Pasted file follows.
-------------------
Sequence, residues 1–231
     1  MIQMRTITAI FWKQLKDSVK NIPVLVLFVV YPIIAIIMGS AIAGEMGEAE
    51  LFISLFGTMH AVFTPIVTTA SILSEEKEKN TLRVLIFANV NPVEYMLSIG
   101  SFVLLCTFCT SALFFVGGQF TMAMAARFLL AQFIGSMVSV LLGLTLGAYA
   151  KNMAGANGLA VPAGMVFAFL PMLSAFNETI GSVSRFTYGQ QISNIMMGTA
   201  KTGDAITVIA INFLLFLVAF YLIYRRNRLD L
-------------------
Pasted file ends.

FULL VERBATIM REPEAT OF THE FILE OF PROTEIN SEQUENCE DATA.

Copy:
Sequence, residues 1–231
     1  MIQMRTITAI FWKQLKDSVK NIPVLVLFVV YPIIAIIMGS AIAGEMGEAE
    51  LFISLFGTMH AVFTPIVTTA SILSEEKEKN TLRVLIFANV NPVEYMLSIG
   101  SFVLLCTFCT SALFFVGGQF TMAMAARFLL AQFIGSMVSV LLGLTLGAYA
   151  KNMAGANGLA VPAGMVFAFL PMLSAFNETI GSVSRFTYGQ QISNIMMGTA
   201  KTGDAITVIA INFLLFLVAF YLIYRRNRLD L